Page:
While Grace Hills is growing somewhat fast, it’s still a small church, and aside from my time at Saddleback, I’ve always served churches of less than 250 in attendance. This post is essentially a summary of the discipleship process I’ve seen work well in a small church context, but it’s also a re-cap of what I’ve learned about being a purpose driven church.
At the end of the day, every church is driven by something – money, tradition, politics, fear, etc. – but I want to lead a church driven by God’s eternal purposes!
I think this one was popular because people tend to have a lot of pre-conceived ideas about church size, and because it included a pretty infographic. Whenever you talk about growth or numbers, there will always be the jaded rebuttal as well as the pseudo-spiritual Jesus juke.
When we grow without compromising our message or mission, the Kingdom wins. I celebrate both timeless biblical theology and innovative strategies for reaching unengaged people. How large should your local church get? That’s really the wrong question. The right question is, how do we make disciples of everyone we possibly can?
In many ways, 2014 was a year of healing for me. I feel more whole than I have in my entire life in ministry. In some of the hardest moments, when I’ve been most disappointed in myself, I learned these lessons. Here was my bottom line…
I love you. Your Pastor most likely loves you too. I’m sorry if I’ve let you down. I’ll try to do better. But for my own spiritual and emotional health, and yours too, I’ve decided to find my confidence in my identity in Christ, my calling by grace, and my commission to leave the ninety-nine in the flock to go after the one who is lost. When I try to keep you happy, I fail us both.
This is actually the most popular article I’ve ever written, which breaks my heart. Ministry is a lonely place at times, and this post traveled across the social web at break-neck speed because there are so many hurting leaders out there.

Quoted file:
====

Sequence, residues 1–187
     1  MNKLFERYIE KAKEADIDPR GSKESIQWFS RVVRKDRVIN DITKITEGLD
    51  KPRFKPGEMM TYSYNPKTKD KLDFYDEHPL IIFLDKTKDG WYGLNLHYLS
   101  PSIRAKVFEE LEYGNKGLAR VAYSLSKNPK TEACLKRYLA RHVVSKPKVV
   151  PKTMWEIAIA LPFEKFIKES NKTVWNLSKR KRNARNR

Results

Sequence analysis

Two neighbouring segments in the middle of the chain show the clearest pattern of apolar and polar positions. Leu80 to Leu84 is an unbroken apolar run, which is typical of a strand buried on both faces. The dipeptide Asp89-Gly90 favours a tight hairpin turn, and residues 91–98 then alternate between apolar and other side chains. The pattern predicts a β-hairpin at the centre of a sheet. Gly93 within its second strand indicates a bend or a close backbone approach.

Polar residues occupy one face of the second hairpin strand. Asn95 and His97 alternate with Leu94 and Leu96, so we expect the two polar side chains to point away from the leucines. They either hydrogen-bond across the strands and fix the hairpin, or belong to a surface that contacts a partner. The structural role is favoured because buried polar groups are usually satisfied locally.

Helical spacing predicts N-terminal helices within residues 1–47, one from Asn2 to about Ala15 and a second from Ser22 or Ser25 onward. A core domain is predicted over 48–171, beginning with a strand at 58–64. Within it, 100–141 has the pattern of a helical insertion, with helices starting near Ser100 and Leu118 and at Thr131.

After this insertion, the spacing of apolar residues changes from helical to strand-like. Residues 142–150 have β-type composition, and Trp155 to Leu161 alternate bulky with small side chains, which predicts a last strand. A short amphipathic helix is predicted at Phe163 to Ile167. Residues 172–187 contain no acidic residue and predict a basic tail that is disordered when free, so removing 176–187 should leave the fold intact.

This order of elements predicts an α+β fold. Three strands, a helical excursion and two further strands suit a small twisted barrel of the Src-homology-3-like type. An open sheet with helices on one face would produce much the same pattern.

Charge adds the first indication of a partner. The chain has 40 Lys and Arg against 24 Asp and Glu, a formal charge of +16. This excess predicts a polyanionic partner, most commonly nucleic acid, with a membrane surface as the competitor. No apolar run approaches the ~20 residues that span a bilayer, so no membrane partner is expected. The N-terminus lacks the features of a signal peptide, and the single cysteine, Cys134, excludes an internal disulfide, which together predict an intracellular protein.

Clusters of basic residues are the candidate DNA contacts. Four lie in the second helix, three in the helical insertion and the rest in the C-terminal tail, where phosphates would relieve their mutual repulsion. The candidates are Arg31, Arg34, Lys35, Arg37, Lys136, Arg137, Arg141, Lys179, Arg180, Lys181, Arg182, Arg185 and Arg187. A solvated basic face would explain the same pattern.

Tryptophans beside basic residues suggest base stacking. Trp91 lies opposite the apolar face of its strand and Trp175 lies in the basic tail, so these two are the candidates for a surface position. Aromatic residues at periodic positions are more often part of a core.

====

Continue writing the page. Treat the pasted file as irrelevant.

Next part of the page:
My hope rests on the fact that Jesus Christ loves the church and gave Himself for her on the cross. He started the church, is the Chief Builder and Shepherd of the church, and will see to the church’s survival and success until He comes again. But until that day comes, we we see eras of painful pruning.
I wanted to mention one more post that ranked somewhere within this list but was a little more personal and newsy in nature. One of the more exciting developments in the life of our church this year was sending out our one-year resident, Michael Smith and his wife, Jennifer to begin the work of planting Journey Church as a daughter of Grace Hills. The post I wrote announcing it gathered a lot of attention, which thrills me!
We’re asking God to give them favor with the community, financial provision, and spiritual protection as they venture into the deep end of church planting. And we’re also asking our friends to get involved. Here’s how…
What’s coming next year? More of the same, but better, hopefully. I intend to post far more frequently, but to keep the longer article-length posts coming too. I started blogging ten years ago because I wanted to encourage people. That’s still my goal today – to encourage people who lead in the trenches of ministry.